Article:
Mark 11:24 makes it very clear that whatsoever things you desire, when you pray, believe that you receive them “. God promised His people beginning with the Old Testament that they would prosper, He would take away their sickness and the number of their days He would fulfil (Exodus 23:25, 26). We actually live in a much better covenant than the people in the Old Testament.

God is interested in everything that touches our lives and He has made provision for us. In 3 John 2, He says “I wish above all things that you may prosper and be in health even as your soul prospers”. So why would you then pray and say if it is thy will that I prosper or get well?

Mark 11:24 quoted above is talking about the prayer of faith. This primarily is an individual situation. It pertains to your desires. It is you praying not someone else praying with you. It’s not someone else agreeing with you. When you pray, you believe that you receive. If you do that, you will have “whatsoever you desire”. You will get the results.

Baby Christians can be carried on a mature Christian’s faith, but after a certain period of time, God expects them to develop their own prayer life and their own faith. Unfortunately some of us have just remained baby Christians. When you were first saved, you were a baby. Naturally the pastor could carry you on his faith. There were Christians praying for you who would carry you, their faith would work for you. However you can’t remain a baby forever.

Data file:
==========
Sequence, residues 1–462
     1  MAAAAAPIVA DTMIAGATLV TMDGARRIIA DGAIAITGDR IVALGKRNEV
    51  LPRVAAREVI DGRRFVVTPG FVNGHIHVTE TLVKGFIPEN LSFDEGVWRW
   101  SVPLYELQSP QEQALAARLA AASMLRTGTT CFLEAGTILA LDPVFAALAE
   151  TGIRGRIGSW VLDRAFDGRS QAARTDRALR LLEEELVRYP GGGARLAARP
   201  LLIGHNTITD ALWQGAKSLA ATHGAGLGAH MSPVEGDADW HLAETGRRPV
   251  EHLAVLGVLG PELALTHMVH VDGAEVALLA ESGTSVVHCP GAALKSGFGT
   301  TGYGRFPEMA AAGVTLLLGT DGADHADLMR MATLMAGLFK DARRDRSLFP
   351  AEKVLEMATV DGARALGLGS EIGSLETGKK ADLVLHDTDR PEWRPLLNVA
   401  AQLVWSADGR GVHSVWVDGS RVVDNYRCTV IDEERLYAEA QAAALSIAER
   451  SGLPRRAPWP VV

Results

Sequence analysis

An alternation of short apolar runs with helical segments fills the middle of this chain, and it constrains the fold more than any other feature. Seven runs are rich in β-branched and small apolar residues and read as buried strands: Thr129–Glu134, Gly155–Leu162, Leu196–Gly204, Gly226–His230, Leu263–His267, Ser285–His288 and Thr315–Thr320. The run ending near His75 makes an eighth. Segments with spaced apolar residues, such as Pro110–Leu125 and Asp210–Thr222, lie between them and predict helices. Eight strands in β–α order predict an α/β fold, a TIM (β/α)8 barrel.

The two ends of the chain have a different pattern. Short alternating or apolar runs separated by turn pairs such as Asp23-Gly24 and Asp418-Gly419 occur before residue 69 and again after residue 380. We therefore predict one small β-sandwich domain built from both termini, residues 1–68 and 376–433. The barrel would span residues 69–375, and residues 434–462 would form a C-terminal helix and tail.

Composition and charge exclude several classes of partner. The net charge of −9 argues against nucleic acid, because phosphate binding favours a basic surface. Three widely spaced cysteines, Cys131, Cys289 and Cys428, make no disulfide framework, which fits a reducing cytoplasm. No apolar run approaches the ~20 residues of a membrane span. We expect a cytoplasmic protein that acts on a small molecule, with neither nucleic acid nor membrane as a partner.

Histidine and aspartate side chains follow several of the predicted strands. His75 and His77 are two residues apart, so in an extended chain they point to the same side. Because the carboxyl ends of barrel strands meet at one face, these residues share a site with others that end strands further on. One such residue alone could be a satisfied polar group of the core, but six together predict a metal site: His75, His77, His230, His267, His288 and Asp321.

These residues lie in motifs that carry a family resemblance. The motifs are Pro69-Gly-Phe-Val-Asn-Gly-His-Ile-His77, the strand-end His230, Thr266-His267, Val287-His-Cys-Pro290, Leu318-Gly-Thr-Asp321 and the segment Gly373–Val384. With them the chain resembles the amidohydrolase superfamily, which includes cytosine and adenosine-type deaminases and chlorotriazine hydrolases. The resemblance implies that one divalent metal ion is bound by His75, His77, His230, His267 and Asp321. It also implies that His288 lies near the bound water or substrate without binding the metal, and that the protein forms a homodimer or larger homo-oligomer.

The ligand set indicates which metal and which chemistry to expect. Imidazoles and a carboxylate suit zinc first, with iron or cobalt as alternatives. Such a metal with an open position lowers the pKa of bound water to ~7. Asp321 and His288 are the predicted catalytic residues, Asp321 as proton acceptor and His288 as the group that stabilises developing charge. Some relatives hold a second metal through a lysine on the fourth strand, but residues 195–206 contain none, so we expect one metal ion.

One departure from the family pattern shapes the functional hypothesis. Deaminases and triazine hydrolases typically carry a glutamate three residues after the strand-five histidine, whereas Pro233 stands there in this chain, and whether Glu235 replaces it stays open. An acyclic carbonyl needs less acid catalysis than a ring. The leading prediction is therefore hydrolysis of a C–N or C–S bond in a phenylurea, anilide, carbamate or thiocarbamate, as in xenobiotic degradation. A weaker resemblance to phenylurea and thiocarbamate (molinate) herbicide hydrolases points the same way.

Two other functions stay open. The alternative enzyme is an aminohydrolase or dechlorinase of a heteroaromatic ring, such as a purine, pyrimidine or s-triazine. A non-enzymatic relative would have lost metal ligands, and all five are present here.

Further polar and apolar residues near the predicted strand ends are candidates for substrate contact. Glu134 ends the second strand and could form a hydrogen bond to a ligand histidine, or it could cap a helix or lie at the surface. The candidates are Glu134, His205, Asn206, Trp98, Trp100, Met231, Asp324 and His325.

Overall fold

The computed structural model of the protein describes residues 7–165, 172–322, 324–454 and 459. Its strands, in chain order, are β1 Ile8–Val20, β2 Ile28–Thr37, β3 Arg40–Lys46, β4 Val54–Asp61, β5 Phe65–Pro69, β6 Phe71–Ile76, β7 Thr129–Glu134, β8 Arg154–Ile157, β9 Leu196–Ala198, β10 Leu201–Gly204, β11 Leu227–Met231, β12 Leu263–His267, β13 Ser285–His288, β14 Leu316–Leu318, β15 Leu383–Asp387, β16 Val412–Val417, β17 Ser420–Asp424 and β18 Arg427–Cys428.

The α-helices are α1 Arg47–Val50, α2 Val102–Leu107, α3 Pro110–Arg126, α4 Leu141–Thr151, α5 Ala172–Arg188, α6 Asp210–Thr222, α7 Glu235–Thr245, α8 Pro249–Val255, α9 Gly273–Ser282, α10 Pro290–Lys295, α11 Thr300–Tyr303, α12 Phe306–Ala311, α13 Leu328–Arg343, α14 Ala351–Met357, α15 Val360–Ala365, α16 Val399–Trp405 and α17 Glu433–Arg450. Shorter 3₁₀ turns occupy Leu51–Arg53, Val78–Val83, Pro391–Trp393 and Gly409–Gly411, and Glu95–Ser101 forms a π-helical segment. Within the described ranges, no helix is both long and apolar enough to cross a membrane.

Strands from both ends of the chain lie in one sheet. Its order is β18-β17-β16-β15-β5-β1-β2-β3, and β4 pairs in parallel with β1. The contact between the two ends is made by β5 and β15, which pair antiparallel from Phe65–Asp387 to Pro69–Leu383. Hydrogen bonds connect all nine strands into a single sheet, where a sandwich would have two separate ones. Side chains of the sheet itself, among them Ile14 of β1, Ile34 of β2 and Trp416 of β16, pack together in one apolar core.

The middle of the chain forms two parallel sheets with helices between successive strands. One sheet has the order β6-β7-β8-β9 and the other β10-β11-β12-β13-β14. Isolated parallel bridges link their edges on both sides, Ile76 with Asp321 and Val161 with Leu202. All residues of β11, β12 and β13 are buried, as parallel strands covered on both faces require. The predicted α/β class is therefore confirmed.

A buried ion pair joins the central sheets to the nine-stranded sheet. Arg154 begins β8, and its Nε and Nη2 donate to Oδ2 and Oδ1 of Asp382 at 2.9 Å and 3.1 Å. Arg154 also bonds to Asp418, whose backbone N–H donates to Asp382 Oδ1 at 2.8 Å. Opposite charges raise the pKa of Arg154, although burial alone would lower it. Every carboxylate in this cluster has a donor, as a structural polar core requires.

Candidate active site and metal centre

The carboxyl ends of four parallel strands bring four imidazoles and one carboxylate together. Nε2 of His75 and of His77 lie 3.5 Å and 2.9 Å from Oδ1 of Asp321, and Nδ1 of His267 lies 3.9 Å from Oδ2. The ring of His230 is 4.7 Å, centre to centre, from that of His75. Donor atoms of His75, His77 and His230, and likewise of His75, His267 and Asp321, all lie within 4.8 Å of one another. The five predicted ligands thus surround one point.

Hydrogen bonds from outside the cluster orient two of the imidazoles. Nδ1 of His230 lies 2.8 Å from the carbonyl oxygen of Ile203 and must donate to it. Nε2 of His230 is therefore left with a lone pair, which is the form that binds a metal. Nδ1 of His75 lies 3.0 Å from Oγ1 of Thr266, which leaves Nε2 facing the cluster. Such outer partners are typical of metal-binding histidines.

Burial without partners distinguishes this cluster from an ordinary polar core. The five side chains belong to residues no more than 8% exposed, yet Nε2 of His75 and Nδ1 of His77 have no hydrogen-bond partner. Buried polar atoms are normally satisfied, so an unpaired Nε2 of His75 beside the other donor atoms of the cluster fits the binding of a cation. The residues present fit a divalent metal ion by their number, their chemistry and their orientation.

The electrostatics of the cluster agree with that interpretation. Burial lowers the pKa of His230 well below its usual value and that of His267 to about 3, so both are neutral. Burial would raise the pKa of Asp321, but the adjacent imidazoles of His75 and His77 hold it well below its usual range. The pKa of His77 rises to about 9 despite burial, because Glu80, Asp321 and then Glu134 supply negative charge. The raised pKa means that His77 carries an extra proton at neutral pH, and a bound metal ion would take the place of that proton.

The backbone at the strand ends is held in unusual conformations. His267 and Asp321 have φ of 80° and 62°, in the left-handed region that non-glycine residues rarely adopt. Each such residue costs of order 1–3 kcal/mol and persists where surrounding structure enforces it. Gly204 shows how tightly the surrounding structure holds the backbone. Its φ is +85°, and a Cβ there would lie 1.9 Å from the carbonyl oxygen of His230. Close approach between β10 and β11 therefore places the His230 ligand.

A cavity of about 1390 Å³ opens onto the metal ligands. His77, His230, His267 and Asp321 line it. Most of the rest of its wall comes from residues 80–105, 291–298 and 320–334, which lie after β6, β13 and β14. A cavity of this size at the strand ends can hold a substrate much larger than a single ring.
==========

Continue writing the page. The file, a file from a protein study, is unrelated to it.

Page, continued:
God expects people who know the full Gospel to operate their own faith. Yet many times they want to remain babies. If everybody in the church remain a baby, who would care for the new believers?

An evangelist is primarily interested in winning the lost. However if everyone were an evangelist, the people who get saved always would be babies. God saw these babies needed a shepherd and He set pastors in the church. He wanted the sheep to be fed. He also put teachers in the church to help people grow in faith and the knowledge of the Word.

On the other hand, often it seems the only kind of prayer we are familiar with is petition prayer. We are always asking or petitioning God to do something and of course this is scriptural.

However in Acts 13:2 we are told “As they ministered to the Lord and fasted, the Holy Spirit said, “Now separate to Me Barnabas and Saul for the work to which I have called them”. In this scripture those Christians were not petitioning God to do anything.”They ministered to the Lord and fasted”

Most of our church services are designed so we come together and minister to one another. We sing, but in very few songs do we minister to the Lord. Instead we minister to one another. When we pray, our praying is primarily a petition. We are petitioning the Lord to move in our midst, to manifest Himself among us, to meet our needs.
We know God is concerned about us and wants to meet our needs. Jesus said our heavenly Father knows what we need and we should ask Him to supply these needs. However most of the time we are always begging God. We need times of waiting on God and ministering to the Lord, times when we are not asking for anything not petitioning but ministering to Him.

Perhaps we are already taking time for this in our individual prayer lives, but we need this kind of prayer as a group or a church. God can move in this kind of atmosphere. As they ministered to the Lord and fasted, our text says, the Holy Ghost manifested Himself. God made man to fellowship with Him. He is our Father because we are born of God.

He certainly enjoys fellowship with us His children through prayer.

l Dr Doug Mamvura is a graduate of Charis Bible School. Feedback: drdoug@corporatemomentum.biz or Twitter @dougmamvura